The pioneering work being carried out at Airedale General Hospital is at the “cutting edge for the whole country”, according to senior Government minister on a visit to the hospital.
Secretary of State for health Jeremy Hunt singled out the Steeton hospital’s innovative approach to caring for patients with long-term health problems.
Mr Hunt visited the hospital yesterday to see how staff supported patients with dementia and long-term conditions.
The MP for South West Surrey toured the hospital’s Telehealth Hub and a ward designed for people with dementia.
“I wanted to see some of the things happening at Airedale which are at the cutting edge for the whole of the country,” he said. “I’m incredibly impressed by the technology here which can really help people live healthily. There’s a strong culture of care and compassion at Airedale, which is something that is very much in the minds of the public at the moment.
“There is also some pioneering work going on here around the sharing of patient records between GP surgeries.”
Mr Hunt saw how patients could have consultations with health professionals from the comfort of their home or local GP surgery via secure video link technology.
In ward one, he heard how older patients with dementia are benefiting from special crockery and a system where butterfly symbols are included by beds and on the notes of people with dementia.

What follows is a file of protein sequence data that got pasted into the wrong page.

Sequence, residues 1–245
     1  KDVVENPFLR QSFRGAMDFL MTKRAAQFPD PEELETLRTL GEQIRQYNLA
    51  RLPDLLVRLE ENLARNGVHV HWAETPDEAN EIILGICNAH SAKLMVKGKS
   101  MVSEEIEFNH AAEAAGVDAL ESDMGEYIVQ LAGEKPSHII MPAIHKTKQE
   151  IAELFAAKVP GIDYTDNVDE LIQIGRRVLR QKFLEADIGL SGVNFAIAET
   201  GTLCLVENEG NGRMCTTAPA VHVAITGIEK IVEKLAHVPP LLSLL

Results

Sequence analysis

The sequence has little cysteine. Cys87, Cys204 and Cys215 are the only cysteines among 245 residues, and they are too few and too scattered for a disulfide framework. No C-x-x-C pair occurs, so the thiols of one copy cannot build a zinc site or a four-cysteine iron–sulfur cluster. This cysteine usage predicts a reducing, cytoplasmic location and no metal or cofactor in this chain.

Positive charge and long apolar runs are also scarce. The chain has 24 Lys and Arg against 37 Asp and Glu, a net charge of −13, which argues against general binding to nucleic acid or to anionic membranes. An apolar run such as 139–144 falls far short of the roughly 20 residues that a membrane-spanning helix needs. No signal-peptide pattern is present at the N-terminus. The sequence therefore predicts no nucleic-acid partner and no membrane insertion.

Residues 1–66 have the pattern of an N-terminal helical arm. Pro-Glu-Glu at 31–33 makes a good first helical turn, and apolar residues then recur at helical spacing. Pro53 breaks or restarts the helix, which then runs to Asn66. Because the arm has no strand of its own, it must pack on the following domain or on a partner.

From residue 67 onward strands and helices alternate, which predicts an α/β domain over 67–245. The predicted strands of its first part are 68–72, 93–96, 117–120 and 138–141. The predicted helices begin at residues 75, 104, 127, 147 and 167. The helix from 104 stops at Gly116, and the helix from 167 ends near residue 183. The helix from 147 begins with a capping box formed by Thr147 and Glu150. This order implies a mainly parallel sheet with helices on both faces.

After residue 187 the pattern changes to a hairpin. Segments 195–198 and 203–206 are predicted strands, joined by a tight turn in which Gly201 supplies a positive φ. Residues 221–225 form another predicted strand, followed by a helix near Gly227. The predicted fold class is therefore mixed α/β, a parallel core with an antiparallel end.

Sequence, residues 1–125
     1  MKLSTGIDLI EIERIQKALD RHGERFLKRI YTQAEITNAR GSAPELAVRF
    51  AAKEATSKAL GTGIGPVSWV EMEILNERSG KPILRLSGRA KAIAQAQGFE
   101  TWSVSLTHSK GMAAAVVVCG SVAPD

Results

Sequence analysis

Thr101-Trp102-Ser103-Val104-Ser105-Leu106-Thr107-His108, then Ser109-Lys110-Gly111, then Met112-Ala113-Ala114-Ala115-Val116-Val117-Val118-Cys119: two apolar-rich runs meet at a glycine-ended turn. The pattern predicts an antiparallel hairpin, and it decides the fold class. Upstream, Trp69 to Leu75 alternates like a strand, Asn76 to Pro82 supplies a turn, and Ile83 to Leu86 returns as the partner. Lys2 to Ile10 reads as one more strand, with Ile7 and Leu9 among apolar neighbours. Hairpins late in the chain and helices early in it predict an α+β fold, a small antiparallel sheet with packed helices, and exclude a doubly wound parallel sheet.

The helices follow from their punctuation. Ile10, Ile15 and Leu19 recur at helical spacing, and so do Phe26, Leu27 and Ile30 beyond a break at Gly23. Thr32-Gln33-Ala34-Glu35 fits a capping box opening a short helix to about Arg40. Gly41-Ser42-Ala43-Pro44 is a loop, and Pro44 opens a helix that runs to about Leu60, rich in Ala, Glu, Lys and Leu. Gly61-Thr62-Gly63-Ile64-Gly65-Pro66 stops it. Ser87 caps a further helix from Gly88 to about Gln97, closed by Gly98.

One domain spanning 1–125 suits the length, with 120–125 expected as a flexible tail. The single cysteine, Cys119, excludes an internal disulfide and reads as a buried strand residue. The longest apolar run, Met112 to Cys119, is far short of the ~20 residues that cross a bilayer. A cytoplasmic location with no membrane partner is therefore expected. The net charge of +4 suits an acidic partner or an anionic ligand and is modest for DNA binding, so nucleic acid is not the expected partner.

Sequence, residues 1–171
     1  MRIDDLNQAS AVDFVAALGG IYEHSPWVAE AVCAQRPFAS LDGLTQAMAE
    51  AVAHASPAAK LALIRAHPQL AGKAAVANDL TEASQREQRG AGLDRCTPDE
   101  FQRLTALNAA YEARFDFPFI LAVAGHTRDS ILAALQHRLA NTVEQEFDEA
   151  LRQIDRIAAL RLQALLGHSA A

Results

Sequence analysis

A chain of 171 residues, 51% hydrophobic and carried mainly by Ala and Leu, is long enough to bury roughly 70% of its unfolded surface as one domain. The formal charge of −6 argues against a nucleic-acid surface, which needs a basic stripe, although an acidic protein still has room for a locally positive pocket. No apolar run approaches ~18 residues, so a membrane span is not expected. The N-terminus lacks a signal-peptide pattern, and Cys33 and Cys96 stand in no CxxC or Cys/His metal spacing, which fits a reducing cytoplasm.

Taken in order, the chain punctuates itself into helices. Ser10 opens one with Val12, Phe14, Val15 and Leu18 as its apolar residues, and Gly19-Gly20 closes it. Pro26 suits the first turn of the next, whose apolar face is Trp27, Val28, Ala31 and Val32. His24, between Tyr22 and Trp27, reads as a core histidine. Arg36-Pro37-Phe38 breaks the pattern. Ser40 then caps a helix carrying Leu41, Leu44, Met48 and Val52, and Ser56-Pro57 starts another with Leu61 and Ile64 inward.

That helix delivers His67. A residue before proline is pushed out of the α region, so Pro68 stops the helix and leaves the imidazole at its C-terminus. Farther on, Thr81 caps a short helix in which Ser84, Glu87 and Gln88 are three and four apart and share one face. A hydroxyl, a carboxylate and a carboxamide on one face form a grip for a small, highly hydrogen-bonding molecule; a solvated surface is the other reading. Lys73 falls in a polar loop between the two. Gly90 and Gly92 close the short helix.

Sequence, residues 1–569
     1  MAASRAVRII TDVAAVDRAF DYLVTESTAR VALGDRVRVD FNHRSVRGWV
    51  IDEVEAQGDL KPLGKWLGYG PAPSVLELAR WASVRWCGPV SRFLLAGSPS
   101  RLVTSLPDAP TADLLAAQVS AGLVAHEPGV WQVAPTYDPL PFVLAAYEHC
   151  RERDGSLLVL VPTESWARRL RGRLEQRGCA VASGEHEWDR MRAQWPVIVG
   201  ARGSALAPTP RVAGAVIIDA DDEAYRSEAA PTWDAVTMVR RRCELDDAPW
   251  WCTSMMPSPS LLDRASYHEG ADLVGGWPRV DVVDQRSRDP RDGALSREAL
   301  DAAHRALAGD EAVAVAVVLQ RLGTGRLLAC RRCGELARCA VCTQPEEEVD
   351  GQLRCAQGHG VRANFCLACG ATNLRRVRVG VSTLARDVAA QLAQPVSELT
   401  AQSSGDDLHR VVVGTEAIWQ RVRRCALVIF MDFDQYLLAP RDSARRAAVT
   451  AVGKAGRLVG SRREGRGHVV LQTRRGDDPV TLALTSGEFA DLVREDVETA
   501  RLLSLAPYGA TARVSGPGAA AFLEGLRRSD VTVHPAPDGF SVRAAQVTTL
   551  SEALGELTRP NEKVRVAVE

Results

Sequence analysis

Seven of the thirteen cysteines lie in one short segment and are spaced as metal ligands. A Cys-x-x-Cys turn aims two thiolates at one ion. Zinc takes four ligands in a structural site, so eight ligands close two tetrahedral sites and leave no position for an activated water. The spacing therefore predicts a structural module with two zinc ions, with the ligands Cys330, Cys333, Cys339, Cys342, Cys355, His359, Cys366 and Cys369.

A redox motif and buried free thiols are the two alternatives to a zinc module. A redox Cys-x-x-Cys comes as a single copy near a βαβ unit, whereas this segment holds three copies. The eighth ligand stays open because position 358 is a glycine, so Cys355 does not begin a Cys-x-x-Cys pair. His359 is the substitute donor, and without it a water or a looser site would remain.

The symbols help staff identify people with dementia, so they know they will need extra care and additional help at meal times.
Mr Hunt was also told about the hospital’s dignity room. This was set up to provide free items such as slippers, warm clothing and toiletries to those patients admitted to hospital without their own possessions.
Keighley MP Kris Hopkins, who joined the Secretary of State on his visit, said: “The staff here are dedicated and proud of their hospital and that comes out in everything they do. They are a real credit to their town.”
Dr Andrew Catto, medical director of Airedale NHS Foundation Trust, said: “We were delighted to have the opportunity to show Mr Hunt some of our work which demonstrates real improvements in care for our patients – particularly for those with dementia and long-term conditions.”